News Security Survey

Ransomware Continues to Cause Mayhem as Victims are Unable to Recover 43% of Affected Data

Results of the Veeam 2024 Ransomware Trends Report find that cyberattacks not only impact organizations but have a negative human impact, as 45% of individuals cite increased workloads and 40% experience heightened stress levels post-attack

Ransomware remains an ongoing threat for organizations and is the largest single cause of IT outages and downtime as 41% of data is compromised during a cyberattack, according to the latest Veeam® 2024 Ransomware Trends Report. The report reveals that only 57% of the compromised data will be recovered, leaving organizations vulnerable to substantial data loss and negative business impact as a result.

“Ransomware is endemic, impacting 3 out of 4 organizations in 2023. AI is now enabling the creation of smarter, more advanced security, but it’s also facilitating growth in the volume of sophistication of attacks.”

Dave Russell, Senior Vice President, Head of Strategy at Veeam

“Ransomware is endemic, impacting 3 out of 4 organizations in 2023. AI is now enabling the creation of smarter, more advanced security, but it’s also facilitating growth in the volume of sophistication of attacks,” said Dave Russell, Senior Vice President, Head of Strategy at Veeam. “Our report delivers a clear message: ransomware attacks will continue, be more severe than predicted, and the overall impact will cost organizations more than they expect. Organizations must take action to ensure cyber resiliency and acknowledge that rapid, clean recovery matters most. By aligning teams and bolstering cybersecurity with immutable backups, they can protect their valuable business data while Veeam keeps their business running and secure.”

The third annual Veeam 2024 Ransomware Trends Report draws insights from vetted organizations that experienced at least one successful cyberattack in the preceding 12 months. With 1,200 responses analyzed, comprising executives, information security professionals, and backup administrators, the report provides a comprehensive overview of the evolving threat landscape.

The toll on the organization’s people

Cyber-attacks naturally affect an organization’s financial stability, but just as significant is the toll it has on teams and individuals. When a cyberattack strikes, 45% of respondents reported heightened pressure on IT and security teams. Additionally, 26% experienced a loss of productivity, while 25% encountered disruptions to internal or customer-related services.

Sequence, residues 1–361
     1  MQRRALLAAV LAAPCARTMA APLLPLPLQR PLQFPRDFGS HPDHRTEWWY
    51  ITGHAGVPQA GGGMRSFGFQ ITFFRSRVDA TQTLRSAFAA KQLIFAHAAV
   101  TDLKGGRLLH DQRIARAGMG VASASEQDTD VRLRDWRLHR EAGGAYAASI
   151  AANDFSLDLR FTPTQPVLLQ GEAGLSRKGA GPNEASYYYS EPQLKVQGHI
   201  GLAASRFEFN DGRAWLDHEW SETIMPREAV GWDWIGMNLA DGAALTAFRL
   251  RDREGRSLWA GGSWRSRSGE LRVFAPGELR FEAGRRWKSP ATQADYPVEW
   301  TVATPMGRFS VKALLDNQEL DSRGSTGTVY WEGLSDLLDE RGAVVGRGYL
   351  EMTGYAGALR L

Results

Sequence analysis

The report shows that the human impact of cyberattacks cannot be overstated. 45% of surveyed individuals cited increased workload post-attack, while 40% reported heightened stress levels and other personal challenges that are difficult to mitigate on ‘normal’ days. These challenges, coupled with existing organizational struggles, further underscore the importance of effective cyber defense strategies.

Organizations are misaligned for preparedness

Despite increased focus on cyber-preparedness, organizations still face a misalignment between their backup and cyber teams. For the third consecutive year, close to two-thirds (63%) of organizations find their backup and cyber teams lacking synchronization. Adding to the misalignment challenges in organizations, 61% of security professionals and 75% of backup admins believe that the teams need either ‘significant improvement’ or that a complete system overhaul is required.

Paying the ransom does not ensure recoverability

For the third year in a row, the majority (81%) of organizations surveyed paid the ransom to end an attack and recover data. One in three of these organizations that paid the ransom still could not recover even after paying. And also for the third year in a row, more organizations ‘paid, but could not recover’ than those organizations that ‘recovered without paying.’

Unveiling the true financial impact

Contrary to the belief that having cyber insurance increases the likelihood of ransom payments, Veeam’s research indicates otherwise. Despite only a minority of organizations possessing a policy to pay, 81% opted to do so. Interestingly, 65% paid with insurance and another 21% had insurance but chose to pay without making a claim. This implies that in 2023, 86% of organizations had insurance coverage that could have been utilized for a cyber event.

The ransoms paid averages to be only 32% of the overall financial impact to an organization post-attack. Moreover, cyber insurance will not cover the entirety of the total costs associated with an attack. Only 62% of the overall impact is in some way reclaimable through insurance or other means, with everything else going against the organization’s bottom-dollar budget.

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